Republicans in Congress want President Biden out of office after 13 U.S. service members and at least 170 others were killed in a terrorist attack during the Afghanistan evacuation.
They’re calling for his resignation, impeachment and even for the 25th Amendment to be invoked to end his presidency.
Some of the GOP lawmakers pushing for Biden’s ouster are familiar Trump loyalists like Rep. Marjorie Taylor Greene (R-Ga.), who called for impeachment; Rep. Madison Cawthorn (R-N.C.), who urged Biden’s Cabinet to remove him from office via the 25th Amendment; and Sen. Josh Hawley (R-Mo.), who demanded Biden resign.
But other Republicans are also calling for action.
Democrat-turned-Republican Rep. Jeff Van Drew (N.J.) introduced a resolution with a dozen colleagues on Friday to censure Biden.
Rep. Tom Rice (S.C.), one of the 10 House Republicans who voted to impeach Trump after Jan. 6, called on Biden to “resign and turn the job over to someone who can handle it.” So did Rep. Jackie Walorski (Ind.), the top Republican on the Ethics Committee, who could run for a leadership post next year.
“As the president has said repeatedly, the buck stops with him – and I agree. The buck must stop here.
President Biden has demonstrated that he is unfit to serve as commander-in-chief, and, therefore, must resign,” Walorski said in a statement.
Of course, Biden isn’t going anywhere. And there is zero chance that House Democrats, led by Speaker Nancy Pelosi (D-Calif.), would impeach the head of their party, especially at a time when they are trying to enact trillions of spending in domestic programs to expand the social safety net.
But in calling for impeachment and resignation, Republicans are trying to demonstrate to their base how they would provide a check on the Biden presidency if voters hand them the House and Senate in the 2022 midterm elections.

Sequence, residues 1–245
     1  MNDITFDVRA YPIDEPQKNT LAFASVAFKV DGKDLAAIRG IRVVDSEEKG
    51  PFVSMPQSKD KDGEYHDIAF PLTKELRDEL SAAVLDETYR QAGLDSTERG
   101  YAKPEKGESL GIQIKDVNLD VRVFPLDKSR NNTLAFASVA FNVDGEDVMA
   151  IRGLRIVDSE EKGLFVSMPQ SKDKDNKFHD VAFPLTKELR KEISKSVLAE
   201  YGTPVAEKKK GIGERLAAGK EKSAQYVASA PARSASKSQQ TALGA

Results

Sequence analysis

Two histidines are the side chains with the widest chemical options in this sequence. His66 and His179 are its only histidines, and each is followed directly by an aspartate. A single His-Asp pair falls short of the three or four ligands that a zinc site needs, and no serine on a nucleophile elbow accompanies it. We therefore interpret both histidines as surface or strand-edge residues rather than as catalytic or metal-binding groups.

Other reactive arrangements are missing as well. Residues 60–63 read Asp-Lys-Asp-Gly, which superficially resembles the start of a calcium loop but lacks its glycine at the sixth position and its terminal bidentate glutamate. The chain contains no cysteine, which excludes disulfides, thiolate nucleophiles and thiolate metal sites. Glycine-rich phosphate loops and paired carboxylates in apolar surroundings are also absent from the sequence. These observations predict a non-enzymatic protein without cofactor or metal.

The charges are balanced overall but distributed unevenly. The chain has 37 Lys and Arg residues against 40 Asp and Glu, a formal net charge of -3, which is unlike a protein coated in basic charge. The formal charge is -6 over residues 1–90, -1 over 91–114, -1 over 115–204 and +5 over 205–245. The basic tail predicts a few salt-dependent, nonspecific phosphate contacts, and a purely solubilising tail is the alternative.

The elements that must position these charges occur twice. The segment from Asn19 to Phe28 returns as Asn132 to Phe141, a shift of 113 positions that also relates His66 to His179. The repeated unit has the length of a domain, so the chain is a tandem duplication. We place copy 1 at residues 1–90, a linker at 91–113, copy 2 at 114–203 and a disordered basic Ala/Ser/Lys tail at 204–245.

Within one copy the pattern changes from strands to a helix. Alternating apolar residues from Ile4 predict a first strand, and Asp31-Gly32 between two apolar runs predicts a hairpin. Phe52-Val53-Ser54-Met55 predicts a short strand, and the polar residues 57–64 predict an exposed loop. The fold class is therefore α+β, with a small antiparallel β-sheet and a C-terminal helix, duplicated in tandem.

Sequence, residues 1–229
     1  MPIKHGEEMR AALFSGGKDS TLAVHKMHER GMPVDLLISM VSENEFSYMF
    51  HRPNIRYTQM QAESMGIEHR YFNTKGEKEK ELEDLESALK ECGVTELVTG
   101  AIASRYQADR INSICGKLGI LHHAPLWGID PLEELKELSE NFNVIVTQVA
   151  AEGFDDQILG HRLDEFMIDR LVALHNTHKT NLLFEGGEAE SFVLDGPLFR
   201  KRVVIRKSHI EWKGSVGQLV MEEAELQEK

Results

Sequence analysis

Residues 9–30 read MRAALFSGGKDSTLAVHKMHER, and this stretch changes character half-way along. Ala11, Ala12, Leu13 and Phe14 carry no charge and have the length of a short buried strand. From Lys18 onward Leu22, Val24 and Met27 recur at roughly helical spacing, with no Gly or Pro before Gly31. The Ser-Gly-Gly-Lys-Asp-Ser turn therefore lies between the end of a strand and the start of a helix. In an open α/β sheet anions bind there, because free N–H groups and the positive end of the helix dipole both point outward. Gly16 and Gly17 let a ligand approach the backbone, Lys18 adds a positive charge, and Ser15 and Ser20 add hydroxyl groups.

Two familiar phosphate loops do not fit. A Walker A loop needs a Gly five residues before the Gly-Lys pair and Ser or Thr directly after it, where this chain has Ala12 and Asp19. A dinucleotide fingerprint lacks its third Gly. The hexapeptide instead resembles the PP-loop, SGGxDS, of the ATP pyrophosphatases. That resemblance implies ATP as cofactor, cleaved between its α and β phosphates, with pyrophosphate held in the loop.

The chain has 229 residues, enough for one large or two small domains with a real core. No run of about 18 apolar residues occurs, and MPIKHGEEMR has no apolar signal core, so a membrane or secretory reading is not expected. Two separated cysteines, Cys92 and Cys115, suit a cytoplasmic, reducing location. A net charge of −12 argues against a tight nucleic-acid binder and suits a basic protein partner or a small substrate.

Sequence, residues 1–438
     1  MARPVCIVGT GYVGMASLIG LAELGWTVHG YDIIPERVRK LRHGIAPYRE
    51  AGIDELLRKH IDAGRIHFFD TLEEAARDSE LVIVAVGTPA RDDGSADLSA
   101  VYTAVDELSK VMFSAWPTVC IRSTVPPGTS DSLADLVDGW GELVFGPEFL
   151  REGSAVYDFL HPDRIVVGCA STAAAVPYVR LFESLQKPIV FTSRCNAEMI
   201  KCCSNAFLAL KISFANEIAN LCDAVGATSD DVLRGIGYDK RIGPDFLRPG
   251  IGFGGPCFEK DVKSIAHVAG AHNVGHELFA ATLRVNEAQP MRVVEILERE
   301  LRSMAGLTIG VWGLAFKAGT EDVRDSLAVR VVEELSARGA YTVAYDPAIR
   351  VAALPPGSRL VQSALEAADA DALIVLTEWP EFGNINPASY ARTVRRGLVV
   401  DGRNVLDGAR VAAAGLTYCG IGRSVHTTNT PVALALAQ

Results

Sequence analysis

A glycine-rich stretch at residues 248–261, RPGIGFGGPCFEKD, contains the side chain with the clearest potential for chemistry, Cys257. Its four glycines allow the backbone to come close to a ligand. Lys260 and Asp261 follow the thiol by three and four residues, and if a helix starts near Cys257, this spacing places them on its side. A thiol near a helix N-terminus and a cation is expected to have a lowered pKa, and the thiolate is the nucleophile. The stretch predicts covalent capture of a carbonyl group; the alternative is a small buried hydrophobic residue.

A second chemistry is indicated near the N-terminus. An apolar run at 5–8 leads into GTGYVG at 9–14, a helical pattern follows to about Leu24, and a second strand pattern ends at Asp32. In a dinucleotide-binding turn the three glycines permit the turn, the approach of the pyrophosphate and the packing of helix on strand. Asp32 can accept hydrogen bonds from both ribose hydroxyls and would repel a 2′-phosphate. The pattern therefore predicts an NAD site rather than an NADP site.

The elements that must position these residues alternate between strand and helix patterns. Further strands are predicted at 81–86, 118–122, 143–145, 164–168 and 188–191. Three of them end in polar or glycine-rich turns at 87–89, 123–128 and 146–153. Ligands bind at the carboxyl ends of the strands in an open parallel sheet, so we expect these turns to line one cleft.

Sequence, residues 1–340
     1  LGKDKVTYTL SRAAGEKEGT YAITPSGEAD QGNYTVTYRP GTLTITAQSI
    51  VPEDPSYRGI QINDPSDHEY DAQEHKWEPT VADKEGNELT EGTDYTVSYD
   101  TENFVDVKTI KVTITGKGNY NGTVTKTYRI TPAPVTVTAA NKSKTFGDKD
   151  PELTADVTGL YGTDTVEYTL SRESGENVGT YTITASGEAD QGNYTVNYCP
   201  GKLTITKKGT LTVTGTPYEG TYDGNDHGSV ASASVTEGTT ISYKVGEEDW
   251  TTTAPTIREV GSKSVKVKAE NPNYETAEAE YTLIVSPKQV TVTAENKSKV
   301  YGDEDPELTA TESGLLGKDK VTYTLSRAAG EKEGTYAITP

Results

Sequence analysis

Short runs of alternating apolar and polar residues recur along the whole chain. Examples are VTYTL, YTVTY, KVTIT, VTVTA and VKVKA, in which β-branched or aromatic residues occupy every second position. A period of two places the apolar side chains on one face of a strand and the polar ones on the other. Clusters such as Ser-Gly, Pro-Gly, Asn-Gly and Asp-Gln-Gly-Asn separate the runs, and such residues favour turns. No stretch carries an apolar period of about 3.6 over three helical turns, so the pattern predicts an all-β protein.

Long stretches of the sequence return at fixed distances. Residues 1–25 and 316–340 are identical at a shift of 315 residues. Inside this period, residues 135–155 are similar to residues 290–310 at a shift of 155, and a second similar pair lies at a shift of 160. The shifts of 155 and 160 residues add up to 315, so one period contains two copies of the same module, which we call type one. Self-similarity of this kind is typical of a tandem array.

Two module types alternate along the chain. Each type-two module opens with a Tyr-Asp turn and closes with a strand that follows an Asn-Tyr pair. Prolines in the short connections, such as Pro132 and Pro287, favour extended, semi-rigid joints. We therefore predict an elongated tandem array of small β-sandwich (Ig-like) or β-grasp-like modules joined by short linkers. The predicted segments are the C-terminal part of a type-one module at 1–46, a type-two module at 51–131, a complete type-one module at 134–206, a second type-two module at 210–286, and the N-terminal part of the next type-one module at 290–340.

Indeed, many top Republicans see Biden’s botched, chaotic and now deadly handling of the U.S. withdrawal from Afghanistan as a major military and political disaster that will propel the GOP back into power on Capitol Hill.
Republicans only need to flip a net of five seats to win back the House; they need to flip just one to take the Senate.
“There’s not a member of Congress on either side of the aisle who doesn’t think that Republicans will be back in the House majority,” Republican Study Committee Chairman Jim Banks (Ind.), an Afghanistan war veteran and leadership ally, told The Hill. “But now the Senate is in play too as voters demand a check on the dangerous and reckless Biden administration.”
There are other signs that Republicans view the tough, sometimes over-the-top rhetoric as good politics, especially at a time of ever-growing partisan polarization when there’s less incentive for them to be voices of moderation.
Ambitious lawmakers angling for higher office are joining the chorus of GOP voices calling on Biden to resign. That list includes GOP Rep. Lee Zeldin, who is running for governor of New York, as well as Reps. Vicky Hartzler and Billy Long, who are both vying for the GOP nomination for an open Senate seat in Missouri.
Biden “should resign immediately. His news conference should have been four words: ‘I resign effective immediately,’” Long told The Hill.
“He made the fatally flawed decision to ignore his military personnel, his intelligence people and the Intelligence Committee in the House when they all told him it would be an unrecoverable, unmitigated disaster to abandon Bagram Air Base before all embassy personnel, Americans that wanted to leave, and our Afghan allies were extracted safely before we pulled our troops out.”